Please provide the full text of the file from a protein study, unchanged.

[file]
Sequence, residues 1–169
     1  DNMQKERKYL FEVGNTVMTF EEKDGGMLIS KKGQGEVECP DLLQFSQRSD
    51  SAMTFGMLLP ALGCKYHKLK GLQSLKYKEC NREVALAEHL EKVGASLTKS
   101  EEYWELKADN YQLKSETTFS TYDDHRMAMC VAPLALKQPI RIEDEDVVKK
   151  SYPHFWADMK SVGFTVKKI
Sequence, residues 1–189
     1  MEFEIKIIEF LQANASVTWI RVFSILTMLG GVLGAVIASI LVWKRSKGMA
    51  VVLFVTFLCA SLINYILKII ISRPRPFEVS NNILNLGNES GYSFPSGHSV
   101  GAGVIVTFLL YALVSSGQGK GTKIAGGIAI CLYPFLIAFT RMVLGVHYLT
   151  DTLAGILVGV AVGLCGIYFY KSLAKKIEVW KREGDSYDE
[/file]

Sequence, residues 1–169
     1  DNMQKERKYL FEVGNTVMTF EEKDGGMLIS KKGQGEVECP DLLQFSQRSD
    51  SAMTFGMLLP ALGCKYHKLK GLQSLKYKEC NREVALAEHL EKVGASLTKS
   101  EEYWELKADN YQLKSETTFS TYDDHRMAMC VAPLALKQPI RIEDEDVVKK
   151  SYPHFWADMK SVGFTVKKI
Sequence, residues 1–189
     1  MEFEIKIIEF LQANASVTWI RVFSILTMLG GVLGAVIASI LVWKRSKGMA
    51  VVLFVTFLCA SLINYILKII ISRPRPFEVS NNILNLGNES GYSFPSGHSV
   101  GAGVIVTFLL YALVSSGQGK GTKIAGGIAI CLYPFLIAFT RMVLGVHYLT
   151  DTLAGILVGV AVGLCGIYFY KSLAKKIEVW KREGDSYDE